m. & f.
12th cent. From Latin ordinem 'id.,' the accusative case of ordo "series," "order," "social class." Despite its long and secure history in colloquial texts, this must be a learned form as ordinem should have yielded **orne.
From Proto-Italic *ord-n- 'id.' From Proto-Indo-European *h2or-d- 'id.' From *h2er- "to join," "to fit" which often doubled in meaning as morally and legally appropriate (see arma).
Romance: Western Vulgar Latin: Asturian orde, Portuguese ordem, Galician orde, Catalan ordre, French ordo, ordre, Italian ordine ; Eastern Vulgar Latin: Aromanian urdin, Romanian ordin ; Sardinian: oldine
|ordenador m. & f. (Noun, Adjective) "computer;" "auditor;" "ordering" From orden.|
13th cent. Borrowed from Catalan orgull 'id.' Borrowed from a Germanic source meaning "pride" or "excellence" (compare Old High German urguol "excellent"), derived from a verb meaning "to boast" (compare Norwegian golla 'id.').
From Proto-Germanic *gullōn- "to sing," from earlier *galan- "to shout," "to chant." From Proto-Indo-European *ghól-e- "to chant," but originally "to call."
Romance: Western Vulgar Latin: Portuguese orgulho, French orgueil, Italian orgoglio
Germanic: North Germanic: Old Norse gala "to sing," Norwegian golla "to boast" (gullōn-), Old High German galan "to sing," Old English galan 'id.' (second element in English nightingale)
Indo-European: Balto-Slavic: Russian na-gálit' "to sing;" Armenian: geɫgeɫem "to sing beautifully" (geɫ- "to sing," cf. geɫ-awn "song")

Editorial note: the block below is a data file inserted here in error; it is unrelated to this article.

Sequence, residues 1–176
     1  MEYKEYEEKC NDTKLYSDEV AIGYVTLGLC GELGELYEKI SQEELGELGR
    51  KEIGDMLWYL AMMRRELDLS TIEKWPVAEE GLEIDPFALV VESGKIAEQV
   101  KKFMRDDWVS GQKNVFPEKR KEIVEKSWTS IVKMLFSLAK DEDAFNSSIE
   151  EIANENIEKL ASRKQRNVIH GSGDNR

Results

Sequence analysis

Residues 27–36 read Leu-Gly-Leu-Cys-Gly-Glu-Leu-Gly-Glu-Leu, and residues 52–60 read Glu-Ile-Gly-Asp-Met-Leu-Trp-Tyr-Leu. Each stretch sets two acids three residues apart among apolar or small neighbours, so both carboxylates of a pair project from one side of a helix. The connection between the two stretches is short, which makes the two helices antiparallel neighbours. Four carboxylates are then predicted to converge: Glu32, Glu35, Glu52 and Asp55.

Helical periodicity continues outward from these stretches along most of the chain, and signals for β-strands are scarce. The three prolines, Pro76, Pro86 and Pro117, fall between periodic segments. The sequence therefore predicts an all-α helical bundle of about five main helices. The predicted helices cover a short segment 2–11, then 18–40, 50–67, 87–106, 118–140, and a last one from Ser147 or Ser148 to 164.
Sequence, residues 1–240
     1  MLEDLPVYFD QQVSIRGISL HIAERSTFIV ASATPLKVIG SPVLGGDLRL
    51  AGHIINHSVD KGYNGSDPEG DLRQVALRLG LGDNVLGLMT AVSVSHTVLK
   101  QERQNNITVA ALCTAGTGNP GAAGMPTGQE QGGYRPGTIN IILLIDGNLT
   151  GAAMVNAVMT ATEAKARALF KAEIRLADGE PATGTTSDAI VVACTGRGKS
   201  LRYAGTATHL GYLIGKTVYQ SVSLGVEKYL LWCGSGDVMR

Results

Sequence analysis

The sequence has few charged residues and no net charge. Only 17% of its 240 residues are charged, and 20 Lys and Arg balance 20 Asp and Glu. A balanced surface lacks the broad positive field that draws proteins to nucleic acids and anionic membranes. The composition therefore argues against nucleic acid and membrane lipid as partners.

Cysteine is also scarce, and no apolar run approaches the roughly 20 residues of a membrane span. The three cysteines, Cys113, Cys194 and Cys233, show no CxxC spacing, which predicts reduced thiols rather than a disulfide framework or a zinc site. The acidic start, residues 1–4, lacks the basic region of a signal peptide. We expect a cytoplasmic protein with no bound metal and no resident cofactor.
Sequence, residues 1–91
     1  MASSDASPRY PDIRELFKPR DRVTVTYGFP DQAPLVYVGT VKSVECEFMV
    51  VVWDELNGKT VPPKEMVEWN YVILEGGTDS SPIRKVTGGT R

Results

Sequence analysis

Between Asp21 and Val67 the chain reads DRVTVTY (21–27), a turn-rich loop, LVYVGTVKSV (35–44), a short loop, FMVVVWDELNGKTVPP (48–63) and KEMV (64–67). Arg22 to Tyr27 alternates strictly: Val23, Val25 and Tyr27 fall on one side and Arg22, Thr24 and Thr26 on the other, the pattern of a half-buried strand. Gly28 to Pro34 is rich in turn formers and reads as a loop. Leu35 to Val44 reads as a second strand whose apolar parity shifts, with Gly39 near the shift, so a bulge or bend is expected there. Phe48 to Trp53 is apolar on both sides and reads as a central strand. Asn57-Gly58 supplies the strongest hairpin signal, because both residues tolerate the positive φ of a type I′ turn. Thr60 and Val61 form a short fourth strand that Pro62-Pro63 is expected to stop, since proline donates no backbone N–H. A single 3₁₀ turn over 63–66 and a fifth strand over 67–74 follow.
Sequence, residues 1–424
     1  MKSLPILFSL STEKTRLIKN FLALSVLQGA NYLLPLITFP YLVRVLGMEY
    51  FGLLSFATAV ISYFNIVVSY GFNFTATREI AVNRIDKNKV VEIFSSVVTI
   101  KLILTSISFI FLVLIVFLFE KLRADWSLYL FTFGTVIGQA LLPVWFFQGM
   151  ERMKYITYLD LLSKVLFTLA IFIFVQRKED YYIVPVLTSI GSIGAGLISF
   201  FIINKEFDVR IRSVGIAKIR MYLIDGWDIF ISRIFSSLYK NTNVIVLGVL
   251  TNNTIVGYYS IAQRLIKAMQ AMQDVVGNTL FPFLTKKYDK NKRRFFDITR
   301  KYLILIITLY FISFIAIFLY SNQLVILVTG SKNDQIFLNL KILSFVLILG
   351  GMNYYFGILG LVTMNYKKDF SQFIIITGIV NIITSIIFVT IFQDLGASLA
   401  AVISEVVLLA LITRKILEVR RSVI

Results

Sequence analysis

|orgulloso (Adjective) "proud" 12th cent. From orgullo and -oso, an adjective-forming suffix.|
Very late 15th cent. From Latin origenem, accusative of origo 'id.' From the verb oriri "to appear," but originally "to rise."
From Proto-Italic *or-i- "to rise." From Proto-Indo-European *h3r-i̯- 'id.' From the root *h3(e)r- of the same meaning.
Romance: Western Vulgar Latin: Asturian orixe, Galician orixe, French origine, Italian origine ; Eastern Vulgar Latin: Romanian origine
Italic: Umbrian ortom "risen"
Indo-European: Hellenic: Ancient Greek ὄρνυμι (órnumi) "I urge;" Armenian: y-aṙnem "to rise;" Indo-Iranian: Sanskrit íyarti "to set in motion," Old Avestan īra- 'id.;' Anatolian: Hittite arai-i "to raise," Cuneiform Luwian arii̯a 'id.,' Lycian erije- 'id.'
11th cent. From Latin aurum 'id.'
From Proto-Italic *auso- 'id.' From Proto-Indo-European *h2é-h2u̯s-o- "glow." Likely connected in some way to *h2ei̯-es- "shine" and ultimately from a root *h2ei̯- "to shine."
Romance: Western Vulgar Latin: Asturian oru, Portuguese ouro, Galician ouro, Catalan or, French or, Italian oro ; Eastern Vulgar Latin: Romanian aur ; Sardinian: òro
Italic: Latin (Sabine) ausum "gold"
Indo-European: Balto-Slavic: Old Prussian ausis "gold," Lithuanian áuksas 'id.'
|Oro (2) (Surname) From Basque oro "elevation," "eminence."|
|Oro (3) (Surname) From Basque oro "place of ferns."|
|os (Personal Pronoun) (pl.) "(to) you" Old Spanish vos. From Latin vos 'id.' (see vos).|
19th cent. From Latin osculum "little mouth," diminutive of os "mouth."
From Proto-Italic *ōs- 'id.' From Proto-Indo-European *h3eh1-os 'id.'
Romance: Western Vulgar Latin: Asturian güesu, Portuguese osso, Galician óso, Catalan os, French os, Italian osso ; Eastern Vulgar Latin: Aromanian os, Romanian os ; Sardinian: ossu
Italic: Oscan urust "he will prosecute"
Indo-European: Celtic: Old Irish á "mouth;" Indo-Iranian: Sanskrit ā́s- "mouth," Avestan āh- 'id.;' Anatolian: Hittite aiš "mouth," Cuneiform Luwian āaš- 'id.'